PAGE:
Biologists Confirm Over 100 Bobcat Sightings in Ohio During 2010
Increased evidence of bobcats living in Ohio’s southeastern counties continues with the confirmation of 106 sightings by state wildlife officials during 2010, according to the Ohio Department of Natural Resources (ODNR), Division of Wildlife. The reports show an increase from the 92 verified sightings in 2009.
The bobcat is listed as an endangered species in Ohio and protected by state law.
The bobcat was found throughout Ohio during early settlement, but as land was converted for crops and communities the bobcat's population declined. By 1850, the animal could no longer be found living in the state. A handful of unverified sightings in the 1960s marked the bobcat's unofficial return to Ohio. Since 1970, state wildlife biologists have verified 464 bobcat sightings in 33 counties.
Verification of the elusive bobcat includes photographs of the animal and its tracks; encounters through incidental trapping, from which animals are later released; recovery of road kill and sightings by Division of Wildlife personnel. The majority of the 2010 verified reports occurred in Noble County and the immediate surrounding counties.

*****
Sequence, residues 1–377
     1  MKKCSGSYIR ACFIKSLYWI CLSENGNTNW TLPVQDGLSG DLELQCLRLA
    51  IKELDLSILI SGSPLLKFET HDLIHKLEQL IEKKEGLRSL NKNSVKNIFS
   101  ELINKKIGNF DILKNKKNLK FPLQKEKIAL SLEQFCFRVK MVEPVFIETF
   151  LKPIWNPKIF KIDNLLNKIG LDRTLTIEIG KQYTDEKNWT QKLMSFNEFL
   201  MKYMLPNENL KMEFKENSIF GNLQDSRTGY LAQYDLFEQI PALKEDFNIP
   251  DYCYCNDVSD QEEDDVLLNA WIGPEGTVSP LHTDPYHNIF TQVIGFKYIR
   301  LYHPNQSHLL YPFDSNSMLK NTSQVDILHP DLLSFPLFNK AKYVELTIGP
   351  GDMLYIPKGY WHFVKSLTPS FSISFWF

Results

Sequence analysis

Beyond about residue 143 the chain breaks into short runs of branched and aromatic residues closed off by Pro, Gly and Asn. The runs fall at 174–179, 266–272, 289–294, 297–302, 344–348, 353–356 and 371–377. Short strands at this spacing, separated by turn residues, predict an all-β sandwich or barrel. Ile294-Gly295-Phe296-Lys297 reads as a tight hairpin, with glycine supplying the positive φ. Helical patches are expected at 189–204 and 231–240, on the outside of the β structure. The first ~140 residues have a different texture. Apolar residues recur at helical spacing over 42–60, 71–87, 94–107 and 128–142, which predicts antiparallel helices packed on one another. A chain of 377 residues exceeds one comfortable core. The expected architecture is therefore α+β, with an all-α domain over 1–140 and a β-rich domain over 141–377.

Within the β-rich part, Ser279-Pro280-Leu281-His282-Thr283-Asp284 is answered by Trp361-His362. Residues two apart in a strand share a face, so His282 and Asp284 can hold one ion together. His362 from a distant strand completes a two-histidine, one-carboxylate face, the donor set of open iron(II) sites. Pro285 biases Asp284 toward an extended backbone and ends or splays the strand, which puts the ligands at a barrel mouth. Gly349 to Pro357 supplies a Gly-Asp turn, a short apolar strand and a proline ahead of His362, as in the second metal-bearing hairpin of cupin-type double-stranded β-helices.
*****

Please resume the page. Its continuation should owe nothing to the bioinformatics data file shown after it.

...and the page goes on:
In an effort to further clarify estimated populations, ongoing Division of Wildlife research is currently utilizing scent stations and remote cameras for observation in several locations throughout southeast Ohio.
These efforts have been supported by the Wildlife Diversity and Endangered Species Fund, which receives donations from Ohioans through the state income tax check-off program and by the purchase of cardinal license plates. Individuals wanting to donate can also make an online contribution at wildohio.com.
The Ohio Department of Natural Resources ensures a balance between wise use and protection of our natural resources for the benefit of all. Visit the ODNR Web site at ohiodnr.com.